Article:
Maybe This Time

Walter’s not coming. That would be fine with us if only our parents didn’t live in expectation of him. They constantly hope that he might just show up, that when we get together at their place again, the whole family might just be there, all of us, as if we did in fact belong together, as if we were a whole, one more time, or for the first time rather, because it hasn’t happened yet, not once.
When I visit them and suggest, as I did last time, that we all go to my sister’s house to celebrate her birthday, they’re delighted because nothing is more important to them than their children. So we agree to surprise my sister the following day, and then visit my brother, maybe even my other brother, if there’s enough time, since he lives a bit further away.
You know how much I like it when you are all together, Mother says, and tells me everything that has happened while I was gone, and we grow closer, become close even. After a while, however, she stops talking and remains quite still. Father says, Maybe it’s better if you two go and I stay at home. Maybe Walter will stop by tomorrow. And the next day we don’t go to my sister’s, since Mother doesn’t like to leave Father by himself and she doesn’t want to miss Uncle Walter, should he finally come, as she says. So they stay at home, in the house, and I stay with them. My sister comes to visit, to celebrate her birthday here, in our parents’ house, not at hers as she has wanted to do for decades.
One of them always used to stay at home. For as long as I can remember, they’ve never left the house together, and for some time now they haven’t even left separately, fearing that Walter might come and they wouldn’t be there.
If we want to see them, we have to go to their house, and we do. There are plenty of occasions: Father’s birthday, Mother’s, their anniversary, my brother’s birthday, my other brother’s birthday (the one who supposedly looks just like Uncle Walter), saints’ days, weddings and christenings, All Souls’ Day and All Hallows’ Eve, Christmas, Easter and Pentecost. Yes, there are occasions enough and we observe them. From all directions, we make our way to our parents’ house.
Besides Walter, Father has another brother and a sister who come to every occasion, along with their sons and daughters, the cousins with their children, the nephews, my great-uncle, all of them. Well, not all of them, in fact, because Uncle Walter is always missing. The more he stays away, the more my parents long for him and the more stubborn their hope that this time, today, now, he could perhaps still come after all.
But Walter doesn’t come, at least not while we are there. We don’t make up for his absence, those of us who are present, and no matter how hard we try to distract them, to make them forget about Walter, it never works. The rest of us do count for something, but not enough compared with him, since Walter’s absence makes us all invisible in our parents’ eyes and in our own. Those who are missing are noticed, but only until they come through the door, join those who are waiting and disappear into the group. It’s always the same game, who’s there and who isn’t, how many are we now, and who might then still come and who not.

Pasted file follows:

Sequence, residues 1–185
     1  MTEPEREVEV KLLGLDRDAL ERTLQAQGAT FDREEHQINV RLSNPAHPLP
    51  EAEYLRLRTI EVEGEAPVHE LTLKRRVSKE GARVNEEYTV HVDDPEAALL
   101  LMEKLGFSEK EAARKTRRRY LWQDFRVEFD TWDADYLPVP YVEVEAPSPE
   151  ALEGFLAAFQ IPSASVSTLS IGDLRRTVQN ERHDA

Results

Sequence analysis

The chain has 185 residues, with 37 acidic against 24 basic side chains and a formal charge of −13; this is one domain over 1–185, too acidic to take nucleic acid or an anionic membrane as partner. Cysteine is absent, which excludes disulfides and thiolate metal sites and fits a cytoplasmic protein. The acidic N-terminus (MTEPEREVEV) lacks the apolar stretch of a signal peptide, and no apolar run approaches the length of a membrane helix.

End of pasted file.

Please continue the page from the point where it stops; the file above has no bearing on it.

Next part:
The names of the others are mentioned. Yet it’s only his name everybody thinks about. However, no one asks after him, on that we silently agreed a long time ago. Not a word is said about him. But eventually our parents start talking about him and then we speak of nothing but Walter.
In the house and in the garden, we sit together and wait, pretending that we aren’t waiting. We look at each other and try to talk to each other, pretending that this is enough. But it isn’t. And how could it be, waiting as we are for another, morning, noon, evening and into the night. Whether we don’t mention his name once or whether we speak of nothing but him, we wait, at each and every family gathering and also the days and weeks in between, through the years and decades that our family has been around. And should we, just once, manage to be together without a single thought of him, a mere look from one of us is enough to bring us all back to him, and to our parents, for whom, once again, our presence is not enough.
With our constant glances at the door, never intended for the one coming through it, but searching for the one who is not to be found, we simply tell one another, but no, you’re not Walter. It took me years before I could interpret these looks and understood that they had nothing to do with me, but with the one who was missing, always the one who was missing.
That’s how it was, and it’s no different now, and none of us could say why it was the way it was, the way it had to be, the way it is now. In this sense, we have always lived with Walter. We know him and don’t know him. The youngest of us, in fact, have never laid eyes on him. And when photos from our parents’ or another relative’s childhood are passed around at the gatherings, there is never any trace of Walter.
We know him from hearsay and from our parents’ stories and expectations and their invariably disappointed hopes, which have now become ours. Should a stranger come to the door or pass by a window, which happens often enough at our family gatherings, my nieces and nephews are taken aback and look at each other, checking to see if the stranger could be Uncle Walter, nodding inquiringly or shaking their heads. No, it’s not Uncle Walter, for whatever reason. Uncle Walter looks different, Uncle Walter is taller or shorter, depending, since each of us has our own image of Walter. But in all the stories he’s good-natured, well-meaning and attentive, and interested in all of us. That’s what they tell us. But we don’t believe it, just as when I was a child, for years I didn’t believe he even existed. But there is a Walter.